Today I called my brother with some upsetting news. Once again, factors beyond my control were thwarting my plans to move forward.

He was the only one who would fully understand how challenging it would be for me, because he’d been with me from the start of the events that led to the distress of today.

My brother was there for me before I even knew I needed him.

belinda-thom-1962

Growing up, we weren’t close. It was my brother and sister who were allies, often, it felt, against me. Certainly I was on the outside.

Yet we share a history, sometimes a laughable yet now bonding one. Once, he asked if I remembered the cookie-eating bear from the Andy Williams Show, a popular variety program in our childhood.

I didn’t, and he was legitimately shocked, because I have a tremendous memory. He calls it memory for useless trivia, which is a little hurtful, because my memory includes much more than that.

Some months later there was a two-hour A&E biography about Andy Williams that I watched start to finish, just to see if this cookie-eating bear would be mentioned. He was, almost as an afterthought, in the last 30 seconds.

I sat through two hours of a biography I didn’t give a rip about just for my brother. I’d do an incomparable amount more if I could.

At the end of my phone call today, I gulped out a thank you for listening to me. He said, with a bit of surprise, “of course!” He’d said the same thing several years ago when I thanked him for flying out, at great expense, to be by my side at a time I can’t conceive of surviving alone.

He took over when I was absolutely lost, and later let go when I’d regained my strength, focus and independence. I’d never known what it was like to have someone value me that much before.

He’s two years younger than me, an age difference that become irrelevant sometime around high school. We started to connect more then.

I remember a sweet, red-haired girl who had, to say the least, a huge crush on him. We had a class together, and she talked about him endlessly to me. I really wanted him to reciprocate her feelings, but I knew full well he did not.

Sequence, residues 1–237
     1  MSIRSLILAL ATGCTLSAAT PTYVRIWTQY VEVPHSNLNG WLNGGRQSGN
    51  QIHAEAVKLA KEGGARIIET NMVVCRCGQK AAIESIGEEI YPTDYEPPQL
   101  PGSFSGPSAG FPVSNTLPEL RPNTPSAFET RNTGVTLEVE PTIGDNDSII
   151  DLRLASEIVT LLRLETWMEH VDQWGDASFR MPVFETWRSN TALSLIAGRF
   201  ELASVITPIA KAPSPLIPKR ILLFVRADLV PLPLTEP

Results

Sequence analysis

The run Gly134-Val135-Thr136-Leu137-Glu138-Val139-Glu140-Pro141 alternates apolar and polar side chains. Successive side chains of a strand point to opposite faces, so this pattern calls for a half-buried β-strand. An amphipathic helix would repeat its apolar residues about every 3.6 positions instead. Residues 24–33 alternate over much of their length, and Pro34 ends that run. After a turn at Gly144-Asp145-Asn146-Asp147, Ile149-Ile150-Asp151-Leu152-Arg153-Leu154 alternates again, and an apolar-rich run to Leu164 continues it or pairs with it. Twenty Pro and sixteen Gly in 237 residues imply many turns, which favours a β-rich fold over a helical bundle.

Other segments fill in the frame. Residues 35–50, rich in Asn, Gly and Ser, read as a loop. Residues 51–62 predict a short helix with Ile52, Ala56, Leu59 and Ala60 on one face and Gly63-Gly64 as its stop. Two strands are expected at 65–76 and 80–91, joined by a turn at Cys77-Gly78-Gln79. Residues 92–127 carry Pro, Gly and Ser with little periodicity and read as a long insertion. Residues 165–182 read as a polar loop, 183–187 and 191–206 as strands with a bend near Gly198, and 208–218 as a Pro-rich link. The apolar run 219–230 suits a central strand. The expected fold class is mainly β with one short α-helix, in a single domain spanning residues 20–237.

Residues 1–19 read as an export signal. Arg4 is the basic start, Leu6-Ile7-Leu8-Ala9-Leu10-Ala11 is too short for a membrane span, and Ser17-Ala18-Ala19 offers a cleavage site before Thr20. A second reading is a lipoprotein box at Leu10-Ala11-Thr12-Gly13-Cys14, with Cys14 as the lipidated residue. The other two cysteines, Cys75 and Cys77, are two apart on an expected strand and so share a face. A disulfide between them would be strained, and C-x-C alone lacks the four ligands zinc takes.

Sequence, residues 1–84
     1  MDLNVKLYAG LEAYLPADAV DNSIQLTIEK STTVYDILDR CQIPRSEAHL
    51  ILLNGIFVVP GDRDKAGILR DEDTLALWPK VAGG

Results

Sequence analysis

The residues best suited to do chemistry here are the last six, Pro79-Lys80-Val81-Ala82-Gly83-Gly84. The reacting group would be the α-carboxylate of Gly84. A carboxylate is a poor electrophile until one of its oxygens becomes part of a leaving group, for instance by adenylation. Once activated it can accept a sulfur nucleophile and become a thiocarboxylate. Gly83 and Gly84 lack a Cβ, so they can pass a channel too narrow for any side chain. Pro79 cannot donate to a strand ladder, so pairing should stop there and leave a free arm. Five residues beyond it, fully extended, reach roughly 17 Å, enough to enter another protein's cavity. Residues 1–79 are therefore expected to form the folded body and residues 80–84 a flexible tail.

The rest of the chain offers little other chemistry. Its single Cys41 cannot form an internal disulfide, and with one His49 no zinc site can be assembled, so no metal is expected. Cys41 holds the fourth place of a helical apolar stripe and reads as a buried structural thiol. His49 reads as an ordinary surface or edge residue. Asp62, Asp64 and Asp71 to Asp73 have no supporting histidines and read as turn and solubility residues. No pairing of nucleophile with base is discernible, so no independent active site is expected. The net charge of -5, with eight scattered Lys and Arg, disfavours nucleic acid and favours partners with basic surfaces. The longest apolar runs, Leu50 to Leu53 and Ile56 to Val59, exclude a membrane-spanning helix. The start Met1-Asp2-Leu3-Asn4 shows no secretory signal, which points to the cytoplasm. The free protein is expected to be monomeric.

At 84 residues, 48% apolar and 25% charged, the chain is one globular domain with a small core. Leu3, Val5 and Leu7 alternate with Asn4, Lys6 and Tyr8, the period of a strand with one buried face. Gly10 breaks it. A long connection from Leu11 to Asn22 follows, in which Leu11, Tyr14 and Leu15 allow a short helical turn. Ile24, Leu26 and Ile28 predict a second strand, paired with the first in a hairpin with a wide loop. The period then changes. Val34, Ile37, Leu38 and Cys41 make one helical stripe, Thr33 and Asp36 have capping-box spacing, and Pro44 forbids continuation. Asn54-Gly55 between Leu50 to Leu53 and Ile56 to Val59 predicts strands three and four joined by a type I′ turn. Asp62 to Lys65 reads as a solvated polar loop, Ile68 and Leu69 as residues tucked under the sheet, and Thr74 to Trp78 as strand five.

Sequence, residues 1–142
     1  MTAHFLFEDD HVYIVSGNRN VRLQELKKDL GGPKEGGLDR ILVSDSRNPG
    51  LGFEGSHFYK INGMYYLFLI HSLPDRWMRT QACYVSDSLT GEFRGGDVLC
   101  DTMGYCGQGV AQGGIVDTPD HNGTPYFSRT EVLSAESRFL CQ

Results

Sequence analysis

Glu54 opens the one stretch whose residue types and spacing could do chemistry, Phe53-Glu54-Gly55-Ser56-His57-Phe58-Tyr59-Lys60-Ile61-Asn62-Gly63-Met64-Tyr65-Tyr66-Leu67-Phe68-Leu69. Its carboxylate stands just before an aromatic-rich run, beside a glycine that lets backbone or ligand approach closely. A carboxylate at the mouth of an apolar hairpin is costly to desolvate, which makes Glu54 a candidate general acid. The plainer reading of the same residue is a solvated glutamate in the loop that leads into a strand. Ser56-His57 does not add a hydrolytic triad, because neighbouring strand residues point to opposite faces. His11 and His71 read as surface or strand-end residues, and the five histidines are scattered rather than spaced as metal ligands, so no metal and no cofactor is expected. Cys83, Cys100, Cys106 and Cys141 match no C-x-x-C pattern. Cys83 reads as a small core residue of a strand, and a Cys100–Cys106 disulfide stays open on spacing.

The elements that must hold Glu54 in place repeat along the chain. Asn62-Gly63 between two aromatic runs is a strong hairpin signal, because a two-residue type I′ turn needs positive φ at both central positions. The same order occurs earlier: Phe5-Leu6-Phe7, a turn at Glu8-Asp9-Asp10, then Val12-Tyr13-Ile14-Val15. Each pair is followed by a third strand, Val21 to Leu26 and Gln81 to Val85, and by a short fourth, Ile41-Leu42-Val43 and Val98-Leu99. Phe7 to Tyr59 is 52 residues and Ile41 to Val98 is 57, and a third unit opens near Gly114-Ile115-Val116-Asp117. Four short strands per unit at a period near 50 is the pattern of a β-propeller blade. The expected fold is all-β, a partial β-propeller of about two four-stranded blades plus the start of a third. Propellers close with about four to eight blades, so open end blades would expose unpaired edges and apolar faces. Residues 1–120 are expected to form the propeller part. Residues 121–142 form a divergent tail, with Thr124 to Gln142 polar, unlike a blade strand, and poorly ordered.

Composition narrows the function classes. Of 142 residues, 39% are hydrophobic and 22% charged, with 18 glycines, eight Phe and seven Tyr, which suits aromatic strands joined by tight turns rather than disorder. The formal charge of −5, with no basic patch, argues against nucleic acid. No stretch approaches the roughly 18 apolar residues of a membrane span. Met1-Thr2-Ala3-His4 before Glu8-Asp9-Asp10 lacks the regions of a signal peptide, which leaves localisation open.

I was, however, proud of the way he treated her. Although he was clear he wasn’t equally interested, he let her know he thought her interest was a high compliment. Of course that just intensified her feelings for a time, but it was the right way to handle it.

me & Thom 1994

circa 1994

Now he has a daughter, sixteen years old, who no doubt brings all the frustrations a girl that age can carry. I hold my breath, then relax, as I watch him value her in the same concrete ways he values me and valued that cute girl in our high school years.

He’s proven there isn’t anything he wouldn’t do for me. In a lifetime we may or may not be lucky enough to fully show our love for those who mean the most to us.

I’ve been blessed to be on the receiving end of that love and sacrifice from my brother, a humbling and heartening experience for me. It has changed the core of me, my essential self.


A special thank you to those of you who have been following my blog long enough to remember this post!

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15 Comments on “sibling revelry

  1. I have a brother two years younger as well!!!
    We always fought growing up. I think he enjoys annoying me because he knows how much I get bothered! Haha. We went through something together, too….but we never really talked about it. Something that should’ve brought us closer together, to support one another. Who knows. I know now that we love eachother. Thanks for the post 🙂

    Liked by 1 person

  2. Pingback: devious secrets of my childhood – My World With Words

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